Tony Morris

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Senior Software Engineer at NICTA, Functional Programming Educator
tmorris.net/
@dibblego

Tony Morris is a software product developer who has deployed functional programming techniques in industry for over 10 years. Tony teaches at the tertiary level and for professional programmers with a view toward producing a viable commercial result. Tony is currently a Senior Software Engineer at NICTA where he is tasked with promoting and educating on functional programming for the benefit of all Australian software developers.

Tony takes a fastidious, principled approach to functional programming both when deployed in practice and when in a learning environment to ensure maximum yield from the effort. Tony believes that exploring principles and the following consequences provides a rewarding experience for all involved.

YOW! Lambda Jam 2014 Brisbane

Parametricity, Types are Documentation

TALK –  VIEW SLIDES WATCH VIDEO

This talk will build on the work of Philip Wadler (1) and Danielsson et al (2) to demonstrate using types to document source code behaviour and to assist in reasoning about code. Specifically, the concept of parametricity is used to tacitly eliminate possibilities in code behaviour leaving only a few, sometimes even one, remaining potential candidates.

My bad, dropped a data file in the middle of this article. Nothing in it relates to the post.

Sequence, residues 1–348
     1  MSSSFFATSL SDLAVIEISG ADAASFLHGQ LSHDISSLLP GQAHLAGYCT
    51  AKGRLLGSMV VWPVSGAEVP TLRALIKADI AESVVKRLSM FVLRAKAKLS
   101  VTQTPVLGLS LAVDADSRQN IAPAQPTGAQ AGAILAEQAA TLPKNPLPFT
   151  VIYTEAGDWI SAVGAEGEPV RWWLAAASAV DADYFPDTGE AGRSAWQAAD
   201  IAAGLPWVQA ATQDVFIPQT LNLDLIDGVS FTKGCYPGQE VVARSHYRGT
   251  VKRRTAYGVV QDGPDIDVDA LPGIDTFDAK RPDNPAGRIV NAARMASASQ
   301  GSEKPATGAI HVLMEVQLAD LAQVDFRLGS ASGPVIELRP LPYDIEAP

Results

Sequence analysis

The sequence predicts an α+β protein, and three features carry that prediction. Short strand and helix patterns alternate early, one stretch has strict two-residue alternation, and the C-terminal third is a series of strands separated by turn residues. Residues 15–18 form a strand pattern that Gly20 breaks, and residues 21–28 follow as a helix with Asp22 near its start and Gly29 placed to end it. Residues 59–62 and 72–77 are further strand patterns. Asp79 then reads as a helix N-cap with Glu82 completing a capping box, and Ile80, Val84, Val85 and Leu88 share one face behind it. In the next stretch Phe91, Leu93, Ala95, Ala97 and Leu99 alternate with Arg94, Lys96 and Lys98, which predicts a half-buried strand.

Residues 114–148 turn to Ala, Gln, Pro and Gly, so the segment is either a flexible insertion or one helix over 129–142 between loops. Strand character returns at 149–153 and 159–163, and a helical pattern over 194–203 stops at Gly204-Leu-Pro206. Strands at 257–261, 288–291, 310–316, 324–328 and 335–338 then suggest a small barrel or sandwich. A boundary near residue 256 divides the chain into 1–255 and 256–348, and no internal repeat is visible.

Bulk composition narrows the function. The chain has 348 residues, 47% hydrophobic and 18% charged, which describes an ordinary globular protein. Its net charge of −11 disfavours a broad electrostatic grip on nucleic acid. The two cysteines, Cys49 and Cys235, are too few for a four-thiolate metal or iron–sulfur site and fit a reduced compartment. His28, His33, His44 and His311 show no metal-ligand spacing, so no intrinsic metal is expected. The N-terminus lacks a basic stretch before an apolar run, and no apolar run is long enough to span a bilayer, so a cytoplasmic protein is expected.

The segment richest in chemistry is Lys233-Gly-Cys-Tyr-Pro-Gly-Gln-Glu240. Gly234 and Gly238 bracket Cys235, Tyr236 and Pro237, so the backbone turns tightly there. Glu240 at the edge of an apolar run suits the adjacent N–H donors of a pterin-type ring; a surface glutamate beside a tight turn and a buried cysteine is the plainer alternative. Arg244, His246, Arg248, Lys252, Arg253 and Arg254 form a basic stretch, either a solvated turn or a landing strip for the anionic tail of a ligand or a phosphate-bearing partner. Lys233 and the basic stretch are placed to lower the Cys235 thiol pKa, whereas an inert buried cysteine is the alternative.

1. Theorems for free!, Wadler, Philip, Proceedings of the fourth international conference on Functional programming languages and computer architecture,
    pp 347 – 359, 1989, ACM
  2. Fast and loose reasoning is morally correct, Danielsson, Nils Anders and Hughes, John and Jansson, Patrik and Gibbons, Jeremy, ACM SIGPLAN Notices, vol 41, num 1, pp 206 – 217, 2006, ACM

Parametricity, Types are Documentation

WORKSHOP/JAM

This workshop will build on the work of Philip Wadler (1) and Danielsson et al (2) to demonstrate using types to document source code behaviour and to assist in reasoning about code. Specifically, the concept of parametricity is used to tacitly eliminate possibilities in code behaviour leaving only a few, sometimes even one, remaining potential candidates.

The workshop will put this into practice where participants will be asked to implement functions using parametric types to derive an unambiguous implementation. An emphasis is placed on coaching through the necessary reasoning that gives rise to solutions.

The Haskell programming language will be used in the workshop and participants are asked to have GHC and cabal installed prior.

  1. Theorems for free!, Wadler, Philip, Proceedings of the fourth international conference on Functional programming languages and computer architecture,
    pp 347 – 359, 1989, ACM
  2. Fast and loose reasoning is morally correct, Danielsson, Nils Anders and Hughes, John and Jansson, Patrik and Gibbons, Jeremy, ACM SIGPLAN Notices, vol 41, num 1, pp 206 – 217, 2006, ACM

A Modern History of Lenses

TALK –  VIEW SLIDES WATCH VIDEO

Lenses are bidirectional transformations between pairs of connected structures. Asymmetric lenses, where one of those two connected structures is taken to be primary, have been extensively studied. Lenses were first proposed to solve the view-update problem of tree-like data structures by Foster et. al and have also been applied to the construction of a relational database query language. Other work has altered the primitive structure of lenses to achieve different results.